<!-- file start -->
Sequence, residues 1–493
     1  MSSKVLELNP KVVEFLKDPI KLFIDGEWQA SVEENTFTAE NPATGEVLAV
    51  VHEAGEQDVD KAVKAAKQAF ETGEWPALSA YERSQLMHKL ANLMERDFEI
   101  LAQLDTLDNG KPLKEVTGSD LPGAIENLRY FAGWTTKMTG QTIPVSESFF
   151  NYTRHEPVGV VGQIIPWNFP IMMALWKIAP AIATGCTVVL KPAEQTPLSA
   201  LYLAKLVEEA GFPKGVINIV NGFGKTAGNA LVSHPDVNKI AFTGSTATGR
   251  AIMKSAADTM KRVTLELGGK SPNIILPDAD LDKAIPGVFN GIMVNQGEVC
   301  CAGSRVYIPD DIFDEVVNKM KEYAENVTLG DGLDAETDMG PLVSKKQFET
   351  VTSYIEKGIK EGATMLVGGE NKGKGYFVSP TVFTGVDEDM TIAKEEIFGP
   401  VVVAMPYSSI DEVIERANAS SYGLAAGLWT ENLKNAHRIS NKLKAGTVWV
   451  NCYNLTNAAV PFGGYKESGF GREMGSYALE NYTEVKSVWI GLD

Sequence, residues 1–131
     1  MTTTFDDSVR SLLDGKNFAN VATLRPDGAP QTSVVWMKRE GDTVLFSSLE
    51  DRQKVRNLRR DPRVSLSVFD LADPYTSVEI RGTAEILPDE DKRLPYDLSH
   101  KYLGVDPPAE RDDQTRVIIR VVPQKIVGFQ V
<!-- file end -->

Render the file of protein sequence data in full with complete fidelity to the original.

Sequence, residues 1–493
     1  MSSKVLELNP KVVEFLKDPI KLFIDGEWQA SVEENTFTAE NPATGEVLAV
    51  VHEAGEQDVD KAVKAAKQAF ETGEWPALSA YERSQLMHKL ANLMERDFEI
   101  LAQLDTLDNG KPLKEVTGSD LPGAIENLRY FAGWTTKMTG QTIPVSESFF
   151  NYTRHEPVGV VGQIIPWNFP IMMALWKIAP AIATGCTVVL KPAEQTPLSA
   201  LYLAKLVEEA GFPKGVINIV NGFGKTAGNA LVSHPDVNKI AFTGSTATGR
   251  AIMKSAADTM KRVTLELGGK SPNIILPDAD LDKAIPGVFN GIMVNQGEVC
   301  CAGSRVYIPD DIFDEVVNKM KEYAENVTLG DGLDAETDMG PLVSKKQFET
   351  VTSYIEKGIK EGATMLVGGE NKGKGYFVSP TVFTGVDEDM TIAKEEIFGP
   401  VVVAMPYSSI DEVIERANAS SYGLAAGLWT ENLKNAHRIS NKLKAGTVWV
   451  NCYNLTNAAV PFGGYKESGF GREMGSYALE NYTEVKSVWI GLD

Sequence, residues 1–131
     1  MTTTFDDSVR SLLDGKNFAN VATLRPDGAP QTSVVWMKRE GDTVLFSSLE
    51  DRQKVRNLRR DPRVSLSVFD LADPYTSVEI RGTAEILPDE DKRLPYDLSH
   101  KYLGVDPPAE RDDQTRVIIR VVPQKIVGFQ V